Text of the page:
So there’s apparently two editions of this book out there and my copy is the originally published one, finished by Fitzgerald, and reviewed while he was still alive. He apparently left some notes about changes he could make, and Malcolm Cowley made those changes, and I am generally against such actions, so I am glad, I unwittingly read the original.
The novel takes place on the eastern end of the French Riviera, near Cannes it seems, and involves two main storylines that come together initially and then diverge. We meet Rosemary, an American traveler, who joins in with her fellow tourists (in that way of money where tourist means someone living in Europe for an indefinite and extended period of time), and she becomes fascinated, enraptured, and taken by a glamorous couple in their 30s (she’s in her early 20s), the Divers. The Divers are Dick Diver, a well regarded psychiatrist, and Nicole, his wife, and a patient under his care. As the three become more involved, we begin to understand the various questions and gaps in their history as presented in the present tense of the novel.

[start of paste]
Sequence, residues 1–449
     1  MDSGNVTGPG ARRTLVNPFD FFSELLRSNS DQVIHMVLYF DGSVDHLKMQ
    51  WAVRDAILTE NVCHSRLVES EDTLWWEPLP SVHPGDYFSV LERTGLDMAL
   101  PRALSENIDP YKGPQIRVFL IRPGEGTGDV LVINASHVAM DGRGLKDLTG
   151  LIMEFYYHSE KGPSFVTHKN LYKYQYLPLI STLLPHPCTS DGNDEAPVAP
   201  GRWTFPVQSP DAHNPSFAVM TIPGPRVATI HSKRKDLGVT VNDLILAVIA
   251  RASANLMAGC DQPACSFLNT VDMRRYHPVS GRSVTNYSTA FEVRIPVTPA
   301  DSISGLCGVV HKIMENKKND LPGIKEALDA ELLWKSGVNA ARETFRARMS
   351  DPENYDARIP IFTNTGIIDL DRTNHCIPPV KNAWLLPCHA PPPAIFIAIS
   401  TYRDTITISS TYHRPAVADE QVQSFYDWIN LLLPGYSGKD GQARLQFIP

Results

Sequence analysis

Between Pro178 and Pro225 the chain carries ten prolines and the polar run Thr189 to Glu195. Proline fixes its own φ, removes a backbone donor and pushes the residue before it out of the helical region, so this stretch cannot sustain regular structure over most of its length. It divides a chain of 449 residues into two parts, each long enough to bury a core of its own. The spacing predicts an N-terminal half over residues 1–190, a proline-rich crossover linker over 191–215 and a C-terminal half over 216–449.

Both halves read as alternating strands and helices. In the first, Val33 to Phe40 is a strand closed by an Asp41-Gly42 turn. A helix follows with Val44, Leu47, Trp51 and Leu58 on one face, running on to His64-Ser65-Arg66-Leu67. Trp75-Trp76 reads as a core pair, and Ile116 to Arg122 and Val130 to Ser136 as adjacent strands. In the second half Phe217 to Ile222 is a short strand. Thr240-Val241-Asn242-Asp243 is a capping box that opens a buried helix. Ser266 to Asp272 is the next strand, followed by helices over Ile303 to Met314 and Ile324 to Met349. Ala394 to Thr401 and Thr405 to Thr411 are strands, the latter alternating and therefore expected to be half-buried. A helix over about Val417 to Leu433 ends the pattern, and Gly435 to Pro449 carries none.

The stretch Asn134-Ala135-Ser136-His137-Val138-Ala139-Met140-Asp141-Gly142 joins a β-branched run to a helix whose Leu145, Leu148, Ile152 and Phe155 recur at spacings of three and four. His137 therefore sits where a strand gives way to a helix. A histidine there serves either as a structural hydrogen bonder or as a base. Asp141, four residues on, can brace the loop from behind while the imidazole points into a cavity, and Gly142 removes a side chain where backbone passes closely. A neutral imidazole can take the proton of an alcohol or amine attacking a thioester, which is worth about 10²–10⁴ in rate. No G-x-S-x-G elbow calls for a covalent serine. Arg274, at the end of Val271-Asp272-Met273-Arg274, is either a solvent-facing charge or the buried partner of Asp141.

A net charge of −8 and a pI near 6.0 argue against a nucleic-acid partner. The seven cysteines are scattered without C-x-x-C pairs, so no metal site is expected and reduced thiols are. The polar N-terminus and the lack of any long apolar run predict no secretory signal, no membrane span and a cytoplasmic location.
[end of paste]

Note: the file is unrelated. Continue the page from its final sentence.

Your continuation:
In section two, we take a big leap backward and learn about how they met and got married. In section three, we look back at the present with an eye toward the future.
The novel is less impactful I think than The Great Gatsby, but it’s fuller and broader in scope. There’s more of a richness to this one, even if I think the results are less successful. He’s at times just an absolutely brilliant writer, and at other times the cracks (so to speak) are present in the prose, even to the point of feeling slight forced. It’s a complex story to say the least and feels very novely, in ways most books don’t anymore.